There’s always that awkward moment a few months after a band goes on hiatus or breaks up that members of the band start pursuing their own separate projects, and there is none as nerve-wracking as when the front man chooses to create a solo album. In 2006 that band was System of a Down, and that front man was Serj Tankian. Out of the hiatus also appeared guitarist Daron Malakian and drummer John Dolmayan with Scars on Broadway – a band whose music was very much in the moment, which probably explains why they only lasted a moment. Luckily, Tankian was fairly successful with his first solo compilation Elect the Dead, cashing in on the signature Armenian rock twist of System as well as his own haunting, R-rolling vocals. His second album, Imperfect Harmonies, moves away from the front man and promotes the solo artist, with Serj filling each song with his own unique and at times operatic sound.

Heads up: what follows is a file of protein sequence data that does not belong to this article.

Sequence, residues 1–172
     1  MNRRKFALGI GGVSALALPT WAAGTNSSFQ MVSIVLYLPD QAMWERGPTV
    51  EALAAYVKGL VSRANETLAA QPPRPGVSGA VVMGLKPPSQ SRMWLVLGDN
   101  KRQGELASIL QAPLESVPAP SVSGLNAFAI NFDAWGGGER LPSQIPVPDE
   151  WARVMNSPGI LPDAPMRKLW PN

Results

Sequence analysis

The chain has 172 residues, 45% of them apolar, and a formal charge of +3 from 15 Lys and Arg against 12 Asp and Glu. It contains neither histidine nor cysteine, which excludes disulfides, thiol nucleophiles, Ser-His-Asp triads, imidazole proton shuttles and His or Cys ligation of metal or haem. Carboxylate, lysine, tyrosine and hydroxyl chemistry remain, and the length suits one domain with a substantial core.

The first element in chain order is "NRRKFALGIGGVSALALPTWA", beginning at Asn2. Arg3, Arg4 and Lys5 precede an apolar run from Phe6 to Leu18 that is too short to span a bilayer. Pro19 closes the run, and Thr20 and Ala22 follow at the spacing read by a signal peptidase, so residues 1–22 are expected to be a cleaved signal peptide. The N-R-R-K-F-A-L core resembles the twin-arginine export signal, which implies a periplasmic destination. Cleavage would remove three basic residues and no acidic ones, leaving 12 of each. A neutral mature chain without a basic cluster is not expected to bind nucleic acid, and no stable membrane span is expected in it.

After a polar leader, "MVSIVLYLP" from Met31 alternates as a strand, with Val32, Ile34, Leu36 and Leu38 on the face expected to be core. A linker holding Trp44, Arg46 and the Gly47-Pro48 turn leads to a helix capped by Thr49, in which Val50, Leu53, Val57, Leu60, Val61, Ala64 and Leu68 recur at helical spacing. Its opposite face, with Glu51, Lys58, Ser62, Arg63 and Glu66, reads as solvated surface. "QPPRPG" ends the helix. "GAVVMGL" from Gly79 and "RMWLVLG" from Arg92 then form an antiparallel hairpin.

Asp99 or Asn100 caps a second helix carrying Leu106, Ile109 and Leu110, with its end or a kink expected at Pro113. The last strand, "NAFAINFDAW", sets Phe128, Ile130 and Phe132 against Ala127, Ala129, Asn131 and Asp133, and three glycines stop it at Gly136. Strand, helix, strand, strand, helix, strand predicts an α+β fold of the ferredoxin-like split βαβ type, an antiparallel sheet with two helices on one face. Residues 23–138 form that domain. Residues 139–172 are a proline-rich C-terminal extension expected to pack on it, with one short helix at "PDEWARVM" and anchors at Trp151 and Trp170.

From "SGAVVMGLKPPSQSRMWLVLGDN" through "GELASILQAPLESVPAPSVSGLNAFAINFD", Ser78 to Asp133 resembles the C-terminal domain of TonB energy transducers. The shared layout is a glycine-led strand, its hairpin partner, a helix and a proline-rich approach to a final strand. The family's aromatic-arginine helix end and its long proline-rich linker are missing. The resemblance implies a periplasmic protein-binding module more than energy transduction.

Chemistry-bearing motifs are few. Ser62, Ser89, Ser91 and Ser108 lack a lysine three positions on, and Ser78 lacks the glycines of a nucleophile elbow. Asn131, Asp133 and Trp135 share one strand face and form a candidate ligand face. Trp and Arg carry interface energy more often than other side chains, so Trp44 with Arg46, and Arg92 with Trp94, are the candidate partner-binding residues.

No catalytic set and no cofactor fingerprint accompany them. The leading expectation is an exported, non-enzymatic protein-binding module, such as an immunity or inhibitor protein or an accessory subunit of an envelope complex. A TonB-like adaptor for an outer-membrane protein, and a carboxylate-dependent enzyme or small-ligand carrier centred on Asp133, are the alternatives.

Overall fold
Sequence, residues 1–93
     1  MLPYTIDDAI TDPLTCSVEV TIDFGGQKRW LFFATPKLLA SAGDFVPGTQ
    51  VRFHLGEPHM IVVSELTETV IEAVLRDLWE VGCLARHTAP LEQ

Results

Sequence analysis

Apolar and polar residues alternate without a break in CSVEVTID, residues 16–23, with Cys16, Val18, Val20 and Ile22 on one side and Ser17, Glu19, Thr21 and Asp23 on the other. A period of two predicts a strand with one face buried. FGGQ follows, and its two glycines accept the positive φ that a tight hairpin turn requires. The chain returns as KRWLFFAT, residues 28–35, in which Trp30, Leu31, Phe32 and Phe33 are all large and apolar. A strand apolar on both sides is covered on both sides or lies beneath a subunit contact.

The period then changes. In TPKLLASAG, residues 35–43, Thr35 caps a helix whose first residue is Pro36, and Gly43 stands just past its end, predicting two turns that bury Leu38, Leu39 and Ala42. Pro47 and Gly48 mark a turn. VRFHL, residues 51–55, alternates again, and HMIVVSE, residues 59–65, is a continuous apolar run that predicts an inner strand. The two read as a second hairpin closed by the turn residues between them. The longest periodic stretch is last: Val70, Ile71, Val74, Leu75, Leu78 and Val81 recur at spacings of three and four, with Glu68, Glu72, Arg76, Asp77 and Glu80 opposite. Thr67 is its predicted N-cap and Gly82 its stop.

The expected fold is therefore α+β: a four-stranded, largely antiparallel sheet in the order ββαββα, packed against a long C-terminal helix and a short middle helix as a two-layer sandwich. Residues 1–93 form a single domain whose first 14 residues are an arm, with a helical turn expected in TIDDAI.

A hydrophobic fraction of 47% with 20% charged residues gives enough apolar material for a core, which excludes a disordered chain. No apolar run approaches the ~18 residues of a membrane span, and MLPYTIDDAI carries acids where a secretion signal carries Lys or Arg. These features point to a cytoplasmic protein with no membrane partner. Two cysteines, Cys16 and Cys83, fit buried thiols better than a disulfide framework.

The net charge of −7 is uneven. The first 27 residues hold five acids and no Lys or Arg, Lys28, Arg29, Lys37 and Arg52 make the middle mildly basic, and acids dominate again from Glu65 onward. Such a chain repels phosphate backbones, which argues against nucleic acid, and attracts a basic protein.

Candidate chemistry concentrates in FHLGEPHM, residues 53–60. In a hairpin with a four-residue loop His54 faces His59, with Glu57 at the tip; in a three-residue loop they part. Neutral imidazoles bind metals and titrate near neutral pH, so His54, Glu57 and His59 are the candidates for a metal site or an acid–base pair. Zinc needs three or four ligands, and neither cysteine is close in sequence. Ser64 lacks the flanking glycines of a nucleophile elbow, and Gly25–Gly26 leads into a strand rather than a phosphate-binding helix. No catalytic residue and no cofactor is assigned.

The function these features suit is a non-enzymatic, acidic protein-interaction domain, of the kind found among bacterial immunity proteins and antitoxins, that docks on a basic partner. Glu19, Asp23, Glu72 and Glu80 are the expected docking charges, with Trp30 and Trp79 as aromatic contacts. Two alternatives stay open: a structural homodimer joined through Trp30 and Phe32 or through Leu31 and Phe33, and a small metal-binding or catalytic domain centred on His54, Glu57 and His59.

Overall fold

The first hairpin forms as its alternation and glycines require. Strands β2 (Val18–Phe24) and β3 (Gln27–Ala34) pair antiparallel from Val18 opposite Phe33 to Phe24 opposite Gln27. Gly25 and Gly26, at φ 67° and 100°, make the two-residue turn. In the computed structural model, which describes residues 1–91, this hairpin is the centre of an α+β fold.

It’s going to be difficult, when you first listen to tracks like “Disowned inc.” and “Borders Are”, not to think that you’re listening to some sort of dark, futuristic rock opera. But don’t be frightened, and don’t start pulling out your headphones – this is what makes the album pure, concentrated freshly squeezed Tankian. There’s an element of intense drama that runs throughout the album that will, on occasion, resemble some symphonic metal bands (think bands like Nightwish), which is pretty high risk as the alternative rock element at times gets lost in the mix. There are a lot more slower pace than fast paced songs, including “Beatus” and “Reconstructive Demonstration” – songs which also introduce a heavy amount of effects and synthesisers in the place of Serj’s usual backing band from Elect the Dead. All of this is very impressive, but it lacks that certain spice that makes Tankian such a unique and revered vocalist; and just when you think you could set the pace of the entire album to a very slow metronome, Tankian hits the accelerator with “Electron”, “Peace be Revenged” and “Left of Center”, the 1st and 3rd of which both a more heavily rock influenced flavour after being dipped in some guitar and drum parts which will be warmly welcomed by System fans. But this is by no means an album for people looking for a trip down memory lane, as they will be sorely disappointed. When Tankian puts his mind to elevating the magnitude of his music, he certainly pulls no punches, and it seems like this could result in more old school fans falling by the wayside. However, the philosophical lyrics and the unavoidable strength of this collection as a standalone album will doubtless keep many fans loyal, as well as scooping up a few new ones. In short, Imperfect Harmonies is most definitely another string to Tankian’s bow, as opposed to being another nail in his musical coffin, and more than anything reflects his command and more importantly staying power as a solo artist.